Reducing herbicide usage, minimizing grazing down time, and improving pasture productivity with banded application of herbicide during pasture renovation

2003 Annual Report for ONE03-006

Project Type: Partnership
Funds awarded in 2003: $9,980.00
Projected End Date: 12/31/2006
Matching Non-Federal Funds: $26,898.00
Region: Northeast
State: Pennsylvania
Project Leader:
David Hartman
Penn State University
Ronald Hoover
The Pennsylvania State University

Reducing herbicide usage, minimizing grazing down time, and improving pasture productivity with banded application of herbicide during pasture renovation


This project will investigate the possible economic and biological benefits to livestock producers who graze their livestock on pastures. Numerous producers who graze on relatively low-value acreage often manage their land less intensively than those who graze higher value land. Production per acre of either forage or animal products could be greatly improved by renovating (interseeding) some of the newer, more productive species and varieties of forages. Historically, renovation has consisted of either tillage or non-selective herbicides to destroy existing vegetation prior to planting new materials. These practices are often viewed as costing more than they will return, or as environmentally undesirable, especially on sloping land that may be predisposed to erosion after total vegetation destruction from tillage or use of herbicides. Banded applications of herbicides that might use only one-half the full rate of herbicide could be desireable as they would greatly reduce the cost of the operations and allow some living vegetation to persist. These remaining plants would greatly reduce erosion potential. Producers around the region have experimented with band applications of herbicide ahead of each double disk opener on a no-till drill with reportedly good success. However, most of those observations were associated with spring renovations of pastures. This trial will investigate the potential for successful renovations of pasture with banded applications of herbicide during late summer plantings.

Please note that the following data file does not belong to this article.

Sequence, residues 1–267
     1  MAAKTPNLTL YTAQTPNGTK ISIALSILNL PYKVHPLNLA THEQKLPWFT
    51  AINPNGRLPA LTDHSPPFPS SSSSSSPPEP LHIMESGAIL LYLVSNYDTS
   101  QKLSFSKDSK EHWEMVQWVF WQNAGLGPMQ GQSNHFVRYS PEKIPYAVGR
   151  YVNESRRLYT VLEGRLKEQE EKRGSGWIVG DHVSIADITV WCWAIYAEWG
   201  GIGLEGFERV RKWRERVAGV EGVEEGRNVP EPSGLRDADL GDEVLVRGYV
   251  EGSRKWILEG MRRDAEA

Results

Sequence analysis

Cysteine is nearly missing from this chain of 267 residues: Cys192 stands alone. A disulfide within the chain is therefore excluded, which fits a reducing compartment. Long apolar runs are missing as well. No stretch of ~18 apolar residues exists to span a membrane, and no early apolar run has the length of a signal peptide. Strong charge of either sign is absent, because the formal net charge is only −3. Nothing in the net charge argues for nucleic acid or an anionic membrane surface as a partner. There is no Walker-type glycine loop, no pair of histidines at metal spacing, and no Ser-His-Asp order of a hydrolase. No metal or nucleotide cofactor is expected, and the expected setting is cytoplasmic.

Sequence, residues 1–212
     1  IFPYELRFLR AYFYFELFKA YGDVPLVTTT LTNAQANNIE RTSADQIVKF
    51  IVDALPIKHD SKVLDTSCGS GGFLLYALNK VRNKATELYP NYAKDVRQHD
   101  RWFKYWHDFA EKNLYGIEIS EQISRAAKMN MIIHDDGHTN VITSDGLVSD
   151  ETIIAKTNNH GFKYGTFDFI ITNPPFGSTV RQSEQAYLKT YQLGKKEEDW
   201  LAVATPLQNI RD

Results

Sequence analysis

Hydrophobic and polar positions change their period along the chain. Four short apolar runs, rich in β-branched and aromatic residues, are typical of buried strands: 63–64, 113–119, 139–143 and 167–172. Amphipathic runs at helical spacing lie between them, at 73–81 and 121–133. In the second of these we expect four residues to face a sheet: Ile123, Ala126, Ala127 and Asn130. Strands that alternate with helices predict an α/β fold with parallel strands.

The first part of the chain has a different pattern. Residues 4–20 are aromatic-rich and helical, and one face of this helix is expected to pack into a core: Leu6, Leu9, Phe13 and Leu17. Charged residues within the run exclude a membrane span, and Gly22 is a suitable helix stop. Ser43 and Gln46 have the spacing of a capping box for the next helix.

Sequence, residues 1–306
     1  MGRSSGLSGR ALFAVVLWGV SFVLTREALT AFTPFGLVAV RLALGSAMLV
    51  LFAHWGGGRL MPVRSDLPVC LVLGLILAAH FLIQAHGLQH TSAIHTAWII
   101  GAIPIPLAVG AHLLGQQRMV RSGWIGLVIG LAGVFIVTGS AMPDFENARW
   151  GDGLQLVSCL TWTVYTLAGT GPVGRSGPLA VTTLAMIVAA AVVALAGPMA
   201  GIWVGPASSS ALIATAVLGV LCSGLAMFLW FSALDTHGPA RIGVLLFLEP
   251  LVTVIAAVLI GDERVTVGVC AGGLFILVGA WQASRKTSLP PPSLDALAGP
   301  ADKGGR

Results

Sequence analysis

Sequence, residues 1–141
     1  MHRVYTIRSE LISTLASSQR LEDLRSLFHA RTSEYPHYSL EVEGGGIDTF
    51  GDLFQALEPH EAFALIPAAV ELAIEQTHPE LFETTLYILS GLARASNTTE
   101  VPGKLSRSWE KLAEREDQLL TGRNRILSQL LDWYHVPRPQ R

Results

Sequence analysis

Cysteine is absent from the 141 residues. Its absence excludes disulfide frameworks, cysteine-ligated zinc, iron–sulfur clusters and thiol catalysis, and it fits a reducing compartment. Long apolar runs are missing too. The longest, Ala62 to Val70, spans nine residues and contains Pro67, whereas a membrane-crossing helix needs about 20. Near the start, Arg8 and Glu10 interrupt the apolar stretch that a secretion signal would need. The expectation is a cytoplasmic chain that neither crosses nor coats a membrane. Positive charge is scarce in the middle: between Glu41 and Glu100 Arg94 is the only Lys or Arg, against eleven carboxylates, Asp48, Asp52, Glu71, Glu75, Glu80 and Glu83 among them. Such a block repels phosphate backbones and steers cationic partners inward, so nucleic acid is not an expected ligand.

Objectives/Performance Targets

Producers will be engaged in the research process and the outreach activities associated with this pasture renovation projects. The expectation is that inclusion of farmers in all phases will increase the attention of other farmers and their adoption of the more promising findings.

Ideally, several dozen producers who might otherwise choose to do nothing will improve the quality and quantity of forage on offer in their pastures because they were encouraged by something they learned while observing this project. Increasing animal production and profitability though improving the pastures on which those livestock are produced will enhance the sustainability of the farm enterprise.


Eight livestock producers have been identified in a six-county area in north central Pennsylvania to participate in the on-farm study of pasture renovation. The classes of livestock represented by these operations includes dairy, beef, and sheep. Sites on each farm have been identified and all have agreed to participate in field days/producer meetings to share progress and findings. Soil samples were pulled for soil pH and nutrient analyses. Unfortunately, nearly half of the sites were found to have soil pH values that are somewhat or very acidic for establishment of forage legumes. It was determined that to attempt to establish legumes into these conditions would be undesireable.

SARE was notified of the situation and an extension of the project was granted. Liming materials were applied during late summer and fall of 2003 to correct the problems. Seedings that were to occur during the late summer of 2003 will now be suspended until the late summer of 2004.

Impacts and Contributions/Outcomes

As a result of determining that many pasture soils in the area are in need of lime, producers and their advisors were reaquainted with the important and critical practice of soil testing and liming when necessary. It would be foolish to spend the large amounts of money for seed and planting to later realize that the results from such an activity would have been better if attention had been given to basic soil testing beforehand.